New fossils suggest that the cozy relationship enjoyed by green plants and fungi today may have originated nearly half a billion years ago. In fact, according to a report in the September 2000 issue of the journal Science, a primeval pas de deux with fungi may have given green plants a toehold on land.
Botanist Linda K. Graham of the University of Wisconsin and a student coaxed the new specimens out of sediments collected in Wisconsin that were dated to 460 million years ago. Unsure of exactly what they might be, they turned to fossil fungi expert Dirk Redecker, a postdoctoral researcher at the University of California at Berkeley, who identified the remains as the spores and rootlike threads, or hyphae (right), of fungi similar to those in the modern genus Glomus. The new fossils push the date for the earliest terrestrial fungi back by about 60 million years to the time when plants started taking over the land.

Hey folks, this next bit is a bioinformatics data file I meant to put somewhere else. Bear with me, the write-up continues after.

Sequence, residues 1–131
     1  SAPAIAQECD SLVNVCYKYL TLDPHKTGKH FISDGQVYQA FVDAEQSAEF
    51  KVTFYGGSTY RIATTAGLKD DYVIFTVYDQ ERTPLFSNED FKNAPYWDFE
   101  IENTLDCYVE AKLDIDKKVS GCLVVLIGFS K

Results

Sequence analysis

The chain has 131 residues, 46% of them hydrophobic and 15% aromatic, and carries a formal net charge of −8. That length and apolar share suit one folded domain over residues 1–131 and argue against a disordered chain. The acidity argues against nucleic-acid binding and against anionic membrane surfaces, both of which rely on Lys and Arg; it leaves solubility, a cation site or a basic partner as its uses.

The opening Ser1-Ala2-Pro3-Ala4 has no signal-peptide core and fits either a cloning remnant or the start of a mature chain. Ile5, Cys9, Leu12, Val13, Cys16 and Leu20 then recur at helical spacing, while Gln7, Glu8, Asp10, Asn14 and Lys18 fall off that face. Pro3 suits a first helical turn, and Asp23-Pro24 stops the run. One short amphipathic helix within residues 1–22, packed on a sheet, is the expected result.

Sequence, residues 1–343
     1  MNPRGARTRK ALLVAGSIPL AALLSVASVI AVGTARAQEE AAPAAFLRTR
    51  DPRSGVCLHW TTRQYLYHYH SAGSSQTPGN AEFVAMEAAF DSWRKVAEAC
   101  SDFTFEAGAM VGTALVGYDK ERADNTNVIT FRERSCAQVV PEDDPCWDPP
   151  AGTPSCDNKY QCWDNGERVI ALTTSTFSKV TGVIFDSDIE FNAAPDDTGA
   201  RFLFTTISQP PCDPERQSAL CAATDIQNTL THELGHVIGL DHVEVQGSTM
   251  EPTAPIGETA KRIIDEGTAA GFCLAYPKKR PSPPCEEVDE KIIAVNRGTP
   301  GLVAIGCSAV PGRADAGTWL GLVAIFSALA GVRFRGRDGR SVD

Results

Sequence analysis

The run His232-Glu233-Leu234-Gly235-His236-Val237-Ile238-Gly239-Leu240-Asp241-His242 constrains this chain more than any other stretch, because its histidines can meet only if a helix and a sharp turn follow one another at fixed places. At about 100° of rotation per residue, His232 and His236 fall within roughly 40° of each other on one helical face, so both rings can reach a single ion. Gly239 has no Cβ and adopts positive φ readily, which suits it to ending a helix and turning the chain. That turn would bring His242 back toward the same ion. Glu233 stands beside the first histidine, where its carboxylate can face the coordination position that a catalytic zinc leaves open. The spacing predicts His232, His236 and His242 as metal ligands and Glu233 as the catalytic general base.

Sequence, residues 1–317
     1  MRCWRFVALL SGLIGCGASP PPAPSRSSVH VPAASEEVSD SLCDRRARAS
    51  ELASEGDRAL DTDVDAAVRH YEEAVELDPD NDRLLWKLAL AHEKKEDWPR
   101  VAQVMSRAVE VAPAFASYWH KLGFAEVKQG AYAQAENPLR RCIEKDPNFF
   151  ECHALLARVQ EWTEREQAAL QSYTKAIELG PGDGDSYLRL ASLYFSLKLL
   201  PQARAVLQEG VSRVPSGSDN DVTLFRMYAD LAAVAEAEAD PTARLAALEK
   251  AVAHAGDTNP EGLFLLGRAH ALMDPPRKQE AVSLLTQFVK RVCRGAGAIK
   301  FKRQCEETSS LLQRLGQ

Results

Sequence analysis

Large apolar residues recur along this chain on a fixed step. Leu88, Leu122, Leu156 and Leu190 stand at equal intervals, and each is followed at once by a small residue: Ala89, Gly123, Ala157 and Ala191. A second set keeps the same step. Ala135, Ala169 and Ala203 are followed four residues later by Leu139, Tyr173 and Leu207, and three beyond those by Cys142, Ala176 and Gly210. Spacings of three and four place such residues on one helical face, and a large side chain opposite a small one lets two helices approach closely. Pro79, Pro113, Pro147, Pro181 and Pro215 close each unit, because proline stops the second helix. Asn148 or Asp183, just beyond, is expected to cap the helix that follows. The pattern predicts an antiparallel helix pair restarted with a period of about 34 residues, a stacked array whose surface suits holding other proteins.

The vast majority of today's green plants form associations with so-called mycorrhizal fungi, which help them to absorb nutrients. Although the researchers did not find fossil green plants with the new fossil fungi, modern Glomus species are known to keep company with liverworts and hornworts--relatives of the only land plants present at the time of these fossils. And previously known fossils demonstrate that micorrhizal fungi were hanging around more advanced plants by 400 million years ago. Taking that into consideration, the researchers propose a similar partnership between the first land plants and the fungi represented by the new fossils.